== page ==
ATLANTA — A Channel 2 Action News investigation has found that Georgia Rep. Marjorie Taylor Greene and her husband have two active homestead exemptions, which is against Georgia law.
A homestead exemption is a big tax break any Georgia homeowner is entitled to for their primary residence. It is against the law to file for more than one.
But Channel 2 investigative reporter Justin Gray pulled records showing that the Greenes are getting the tax break on two different homes in two different counties.
In a statement, Greene’s office told Gray to mind his own business and called it a “pathetic smear” when he asked them about the homestead exemptions.
Greene still owns a North Fulton county home, but also bought a $610,000 house in Floyd County last year in the 14th Congressional district, which she represents.
A member of Congress does not have to live in the district they represent. But what you legally cannot do, is file multiple homestead exemptions.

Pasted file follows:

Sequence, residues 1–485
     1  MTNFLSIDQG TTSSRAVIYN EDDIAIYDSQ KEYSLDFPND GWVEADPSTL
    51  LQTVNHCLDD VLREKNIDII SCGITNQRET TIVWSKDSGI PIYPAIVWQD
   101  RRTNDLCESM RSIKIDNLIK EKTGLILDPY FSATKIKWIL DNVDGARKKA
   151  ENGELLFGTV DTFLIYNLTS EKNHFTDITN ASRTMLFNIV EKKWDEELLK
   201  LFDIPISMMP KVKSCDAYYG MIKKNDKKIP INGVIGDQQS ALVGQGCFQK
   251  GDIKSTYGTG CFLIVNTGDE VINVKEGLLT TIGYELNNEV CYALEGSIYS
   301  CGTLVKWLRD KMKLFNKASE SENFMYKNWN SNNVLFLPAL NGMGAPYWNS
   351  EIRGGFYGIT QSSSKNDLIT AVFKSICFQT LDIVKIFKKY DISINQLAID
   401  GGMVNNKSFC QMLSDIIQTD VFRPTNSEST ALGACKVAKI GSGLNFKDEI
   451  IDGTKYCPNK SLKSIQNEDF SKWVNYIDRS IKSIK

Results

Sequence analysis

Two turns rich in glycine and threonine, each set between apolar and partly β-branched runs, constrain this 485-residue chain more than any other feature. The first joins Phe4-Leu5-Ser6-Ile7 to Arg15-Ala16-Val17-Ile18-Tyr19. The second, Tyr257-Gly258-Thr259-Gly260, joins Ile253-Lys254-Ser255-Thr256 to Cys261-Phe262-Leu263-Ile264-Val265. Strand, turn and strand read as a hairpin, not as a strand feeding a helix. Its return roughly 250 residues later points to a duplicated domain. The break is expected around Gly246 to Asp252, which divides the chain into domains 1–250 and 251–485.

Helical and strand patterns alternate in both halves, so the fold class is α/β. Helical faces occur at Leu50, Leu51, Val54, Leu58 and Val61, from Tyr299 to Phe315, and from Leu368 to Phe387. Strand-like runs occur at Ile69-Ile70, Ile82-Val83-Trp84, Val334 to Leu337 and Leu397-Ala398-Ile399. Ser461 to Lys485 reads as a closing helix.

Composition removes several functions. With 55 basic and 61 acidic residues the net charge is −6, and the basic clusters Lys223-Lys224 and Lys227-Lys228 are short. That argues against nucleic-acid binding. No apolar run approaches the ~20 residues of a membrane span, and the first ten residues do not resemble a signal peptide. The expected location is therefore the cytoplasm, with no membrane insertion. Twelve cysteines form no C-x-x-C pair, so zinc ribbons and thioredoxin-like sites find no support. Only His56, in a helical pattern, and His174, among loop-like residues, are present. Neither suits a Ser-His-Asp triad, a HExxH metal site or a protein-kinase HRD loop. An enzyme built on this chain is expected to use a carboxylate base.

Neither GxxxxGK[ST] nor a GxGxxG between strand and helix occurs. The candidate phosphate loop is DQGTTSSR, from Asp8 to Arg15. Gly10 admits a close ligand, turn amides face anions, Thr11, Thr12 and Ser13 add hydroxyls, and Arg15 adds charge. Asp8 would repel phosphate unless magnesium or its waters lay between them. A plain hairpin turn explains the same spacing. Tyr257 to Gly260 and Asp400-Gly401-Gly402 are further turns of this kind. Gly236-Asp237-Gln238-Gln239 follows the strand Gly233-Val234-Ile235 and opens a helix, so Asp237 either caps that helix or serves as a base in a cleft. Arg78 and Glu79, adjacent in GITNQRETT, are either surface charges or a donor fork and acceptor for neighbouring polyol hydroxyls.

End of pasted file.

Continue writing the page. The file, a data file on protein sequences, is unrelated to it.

William Perry is the founder of the nonprofit Georgia Ethics Watchdogs.
“You get a tax break for your permanent residence. But you don’t get to do that in two places. That’s against the law,” Perry said.
Through open records requests, Channel 2 Action News pulled the Greenes’ homestead exemption applications in both Fulton and Floyd counties.
In the Floyd county application, Greene’s husband left blank the line that asked if they had another active exemption on any property.
But Fulton County tax officials confirm to Gray, that Greene never stopped getting the tax break on the Fulton property.
The Fulton County Board of Assessors said in a statement:
“The property owners filed for homestead exemption in Fulton County in May of 2019 and it became effective for the 2020 tax year. Per GA law, you can only have one homestead exemption. In this case, Fulton County will consult with Floyd County to confirm and determine in which county the exemption is not valid.”
Channel 2 Action News contacted Greene, who said in a statement:
“Georgians care about their livelihoods and their family’s safety. Yet WSB is focused on paperwork, which is being taken care of. I’m a proud resident of the 14th district. Justin Gray needs to mind his own business instead of launching yet another pathetic attempt to smear me and my family.”
But it’s more than a paperwork issue, it’s against Georgia law.
The penalty for filing a false homestead exemption according to Georgia code is twice your tax bill. For the Greenes, according to their 2020 bill, that could be nearly $12,000.
“This isn’t a paperwork issue, this is fraud. You can’t accidently declare homestead exemption in two different counties,” Perry said.